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Ahmose (Princess)
Princess Ahmose's mummy. Turin, Museo Egizio
Princess Ahmose's mummy. Turin, Museo Egizio
Biographical Information
Name(s) Ahmose (Princess)
Age
Sex Female
Status Princess
Height
Source
Culture Egyptian
Date(s) 1580 - 1550 BC
Site Valley of the Queens
Current Location
Location Egyptian Museum of Turin, Italy
Catalog #

BiographyEdit

Ahmose (“Child of the Moon”) was a princess of the Seventeenth Dynasty of Egypt. She was the only known daughter of Seqenenre Tao (the Brave) by his sister-wife Sitdjehuti. She was the half-sister of Pharaoh Ahmose I and Queen Ahmose-Nefertari. Her titles are King's Daughter; King's Sister.

MummificationEdit

She was buried in the tomb QV47 in the Valley of the Queens.[1] Her tomb is thought to be the first to be constructed in the Valley of the Queens. The tomb is fairly simple and consists of one chamber and a burial shaft. The tomb is located in a subsidiary valley named the Valley of Prince Ahmose. Her mummy is now in the Egyptian Museum of Turin, Italy.

StudiesEdit

Besides the mummy Schiaparelli also found funerary items including a fragment of her coffin, leather sandals, and fragments of a piece of linen inscribed with some 20 chapters of the Book of the Dead. All of these items are housed in Turin.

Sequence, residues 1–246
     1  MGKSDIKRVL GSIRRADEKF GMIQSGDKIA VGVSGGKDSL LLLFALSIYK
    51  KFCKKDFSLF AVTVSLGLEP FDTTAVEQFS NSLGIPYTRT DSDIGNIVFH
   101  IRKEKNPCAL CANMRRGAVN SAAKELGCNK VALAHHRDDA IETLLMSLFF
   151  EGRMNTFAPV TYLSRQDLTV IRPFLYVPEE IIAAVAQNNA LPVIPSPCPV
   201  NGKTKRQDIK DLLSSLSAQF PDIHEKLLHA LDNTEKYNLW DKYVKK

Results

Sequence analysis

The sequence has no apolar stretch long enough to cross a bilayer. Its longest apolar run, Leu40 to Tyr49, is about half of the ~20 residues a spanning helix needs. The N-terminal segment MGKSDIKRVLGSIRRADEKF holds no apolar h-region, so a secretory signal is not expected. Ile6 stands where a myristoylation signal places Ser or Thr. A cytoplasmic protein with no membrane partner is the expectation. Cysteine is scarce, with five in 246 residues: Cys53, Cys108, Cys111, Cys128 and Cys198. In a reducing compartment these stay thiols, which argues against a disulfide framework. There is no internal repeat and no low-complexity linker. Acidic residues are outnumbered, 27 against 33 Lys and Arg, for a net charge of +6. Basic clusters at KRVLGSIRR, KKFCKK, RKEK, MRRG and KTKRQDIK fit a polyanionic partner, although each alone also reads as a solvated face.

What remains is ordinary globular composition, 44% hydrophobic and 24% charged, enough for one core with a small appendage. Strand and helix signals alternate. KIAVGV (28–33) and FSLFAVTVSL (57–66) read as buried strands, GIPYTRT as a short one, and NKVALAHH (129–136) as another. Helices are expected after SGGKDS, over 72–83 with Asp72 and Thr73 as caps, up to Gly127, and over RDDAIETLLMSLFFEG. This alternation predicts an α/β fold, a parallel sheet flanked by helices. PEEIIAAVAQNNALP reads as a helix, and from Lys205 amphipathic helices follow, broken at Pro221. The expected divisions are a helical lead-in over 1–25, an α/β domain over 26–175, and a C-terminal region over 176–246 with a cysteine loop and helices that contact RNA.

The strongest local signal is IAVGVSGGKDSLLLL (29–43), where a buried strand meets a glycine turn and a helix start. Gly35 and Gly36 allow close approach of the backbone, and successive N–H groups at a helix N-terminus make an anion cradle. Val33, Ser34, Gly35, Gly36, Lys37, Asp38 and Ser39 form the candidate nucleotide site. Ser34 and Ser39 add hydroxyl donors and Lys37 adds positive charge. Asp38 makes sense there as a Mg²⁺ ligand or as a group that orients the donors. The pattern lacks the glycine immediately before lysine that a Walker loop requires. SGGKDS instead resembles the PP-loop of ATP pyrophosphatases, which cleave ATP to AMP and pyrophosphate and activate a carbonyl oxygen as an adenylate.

PathologyEdit

There is currently no research completed on the pathology of the mummy.

Additional InfoEdit

Ahmose appears to have outlived her more famous half-brother and sister. She may have died during the reign of Thutmose I (Eighteenth Dynasty).

ReferencesEdit

  1.  Aidan Dodson & Dyan Hilton, The Complete Royal Families of Ancient Egypt, Thames & Hudson (2004) ISBN 0-500-05128-3, p. 128
  2. Demas, Martha, and Neville Agnew, eds. 2012. Valley of the Queens Assessment Report: Volume 1. Los Angeles, CA: Getty Conservation Institute. Getty Conservation Institute, link to article
  3. Porter, Bertha and Moss, Rosalind, Topographical Bibliography of Ancient Egyptian Hieroglyphic Texts, Statues, Reliefs and Paintings Volume I: The Theban Necropolis, Part 2. Royal Tombs and Smaller Cemeteries, Griffith Institute. 1964

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